« Beyond this place of wrath and tears
Looms but the Horror of the shade,
And yet the menace of the years
Finds and shall find me unafraid.

It matters not how strait the gate,
How charged with punishments the scroll,
I am the master of my fate :
I am the captain of my soul »[1]

The exhibition “Invictus” presented by the Félix Frachon gallery is an ode by artist Dimitri Fagbohoun to the power of colonized peoples. Power in the ability they had to resist against the oppressor, beyond pain and fears.

If the artist was inspired by the eponymous poem, he retains its sacred character, a recurring theme in his work. He is also particularly interested in the resilience of its author, which he likens to that of an entire people.

The notions of possession, wealth, domination but also submission and resilience are at the heart of the research carried out by the artist. How to expiate the past and overcome the collective trauma. How to free yourself from history and write your future, whether you are a victim or an executioner? Following on from the Recollection exhibition, in which he was interested in the influence of so-called « negro » arts in the history of Western art, the artist here questions the ambitions of a single man to the detriment of thousands of others.

“Why all these deaths in the middle of colonial Africa? Why this incomprehensible oversight? This silence, that nothing or so little comes to disturb? The facts, however historical, took place in full view of all, decided in the heart of a conscious, documented, active Europe. Everything has been written, read, denounced, proven, argued. At no time was it possible to ignore it, even out of courtesy”[2].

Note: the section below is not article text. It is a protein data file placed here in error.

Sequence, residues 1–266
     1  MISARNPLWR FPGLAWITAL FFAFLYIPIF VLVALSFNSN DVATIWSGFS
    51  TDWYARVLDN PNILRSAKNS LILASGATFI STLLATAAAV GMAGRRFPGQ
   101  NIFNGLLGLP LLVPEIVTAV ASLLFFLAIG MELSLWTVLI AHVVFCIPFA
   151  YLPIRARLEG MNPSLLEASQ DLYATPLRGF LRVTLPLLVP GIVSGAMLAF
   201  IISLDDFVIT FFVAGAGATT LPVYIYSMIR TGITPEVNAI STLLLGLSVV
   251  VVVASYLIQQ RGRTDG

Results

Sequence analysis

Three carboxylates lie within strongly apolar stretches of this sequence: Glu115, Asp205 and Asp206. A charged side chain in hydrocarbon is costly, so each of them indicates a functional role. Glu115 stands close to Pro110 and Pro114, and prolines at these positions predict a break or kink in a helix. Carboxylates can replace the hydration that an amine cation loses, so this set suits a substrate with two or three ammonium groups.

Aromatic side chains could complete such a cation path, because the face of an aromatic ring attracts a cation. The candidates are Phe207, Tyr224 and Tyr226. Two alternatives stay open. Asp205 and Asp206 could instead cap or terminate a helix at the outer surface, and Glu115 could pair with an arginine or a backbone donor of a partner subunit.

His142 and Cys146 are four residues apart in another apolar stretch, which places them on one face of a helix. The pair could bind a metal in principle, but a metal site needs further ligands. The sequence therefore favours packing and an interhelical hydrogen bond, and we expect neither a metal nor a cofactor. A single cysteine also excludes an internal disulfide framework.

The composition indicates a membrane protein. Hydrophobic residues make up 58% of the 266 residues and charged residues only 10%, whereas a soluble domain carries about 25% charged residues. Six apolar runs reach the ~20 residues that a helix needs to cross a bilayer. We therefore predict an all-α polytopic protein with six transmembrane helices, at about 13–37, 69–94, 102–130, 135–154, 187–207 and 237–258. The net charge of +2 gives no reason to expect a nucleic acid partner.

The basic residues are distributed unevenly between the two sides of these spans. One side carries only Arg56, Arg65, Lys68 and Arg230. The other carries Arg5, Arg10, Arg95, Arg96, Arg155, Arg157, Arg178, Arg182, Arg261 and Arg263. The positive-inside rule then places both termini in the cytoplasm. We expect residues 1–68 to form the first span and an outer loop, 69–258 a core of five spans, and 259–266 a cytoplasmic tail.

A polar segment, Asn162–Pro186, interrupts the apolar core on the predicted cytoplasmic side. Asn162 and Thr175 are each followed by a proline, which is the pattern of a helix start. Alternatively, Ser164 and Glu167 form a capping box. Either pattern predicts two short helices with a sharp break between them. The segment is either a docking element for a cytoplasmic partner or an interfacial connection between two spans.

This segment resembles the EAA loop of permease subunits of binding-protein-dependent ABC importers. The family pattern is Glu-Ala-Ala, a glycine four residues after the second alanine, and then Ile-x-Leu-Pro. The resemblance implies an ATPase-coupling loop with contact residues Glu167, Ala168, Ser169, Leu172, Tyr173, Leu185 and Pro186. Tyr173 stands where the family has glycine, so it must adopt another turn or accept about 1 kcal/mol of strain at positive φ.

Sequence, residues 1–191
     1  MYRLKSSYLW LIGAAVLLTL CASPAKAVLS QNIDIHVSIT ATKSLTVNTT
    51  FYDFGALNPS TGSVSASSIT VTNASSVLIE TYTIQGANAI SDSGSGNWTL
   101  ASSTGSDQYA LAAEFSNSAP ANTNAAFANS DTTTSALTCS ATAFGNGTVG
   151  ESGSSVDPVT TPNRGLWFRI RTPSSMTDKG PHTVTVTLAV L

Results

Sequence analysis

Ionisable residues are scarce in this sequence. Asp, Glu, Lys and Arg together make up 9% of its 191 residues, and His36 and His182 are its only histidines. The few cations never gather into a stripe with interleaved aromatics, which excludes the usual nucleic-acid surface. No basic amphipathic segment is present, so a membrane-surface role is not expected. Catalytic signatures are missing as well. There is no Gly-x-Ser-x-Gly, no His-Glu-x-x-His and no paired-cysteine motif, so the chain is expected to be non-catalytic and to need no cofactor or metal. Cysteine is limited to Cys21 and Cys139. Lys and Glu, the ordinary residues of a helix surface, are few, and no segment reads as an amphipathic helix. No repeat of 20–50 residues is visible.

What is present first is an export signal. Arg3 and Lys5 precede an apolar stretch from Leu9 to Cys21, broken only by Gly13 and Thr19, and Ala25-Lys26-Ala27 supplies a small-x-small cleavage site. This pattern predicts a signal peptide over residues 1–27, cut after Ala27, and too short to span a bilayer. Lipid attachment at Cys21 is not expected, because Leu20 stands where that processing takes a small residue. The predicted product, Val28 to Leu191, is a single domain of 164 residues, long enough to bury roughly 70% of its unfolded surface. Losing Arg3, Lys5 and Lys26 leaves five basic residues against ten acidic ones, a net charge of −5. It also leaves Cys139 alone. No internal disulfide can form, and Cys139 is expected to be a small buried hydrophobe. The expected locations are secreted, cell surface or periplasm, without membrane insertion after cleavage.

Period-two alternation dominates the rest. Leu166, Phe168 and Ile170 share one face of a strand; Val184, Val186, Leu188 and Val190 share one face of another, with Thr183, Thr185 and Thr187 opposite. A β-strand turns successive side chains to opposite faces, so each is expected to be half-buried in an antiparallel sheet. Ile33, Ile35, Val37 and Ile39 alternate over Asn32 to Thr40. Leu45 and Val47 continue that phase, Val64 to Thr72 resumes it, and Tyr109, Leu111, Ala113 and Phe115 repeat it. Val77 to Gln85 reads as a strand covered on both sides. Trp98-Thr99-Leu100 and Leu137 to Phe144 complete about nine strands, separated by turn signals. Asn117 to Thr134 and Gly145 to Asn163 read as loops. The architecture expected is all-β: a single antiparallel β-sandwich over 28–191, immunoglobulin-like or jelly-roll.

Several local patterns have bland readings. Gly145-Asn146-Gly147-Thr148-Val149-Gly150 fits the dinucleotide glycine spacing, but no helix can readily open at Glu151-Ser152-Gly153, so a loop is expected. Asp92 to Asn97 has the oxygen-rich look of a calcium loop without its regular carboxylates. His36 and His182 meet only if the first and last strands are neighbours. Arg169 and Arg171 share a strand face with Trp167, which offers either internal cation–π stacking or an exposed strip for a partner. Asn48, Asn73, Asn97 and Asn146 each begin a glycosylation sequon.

True to its universe, the color black predominates in new forms. Drawings, made on black paper, evoke the black cruise and the exploitation of copper mines. Like spirits, silhouettes of masks appear on the paper born of a single gesture, fleeting, evanescent. Incarnations of ancestors who lived through the horror. Nearby, the ceramic bust of the sovereign recalls colonial history and its contemporary repercussions.

Between the personal interpretation of the artist and the collective memory of an entire people, the Invictus exhibition brings together deeply personal works of universal significance. Tribute to the memory of an entire people, homage to Africa and its traditions.

[1] Passage of the poem “invictus” 1888, by William Ernest Henley.

[2] Marc Wiltz, (it rains hands in Congo) “ Il pleut des mains au Congo”, 2015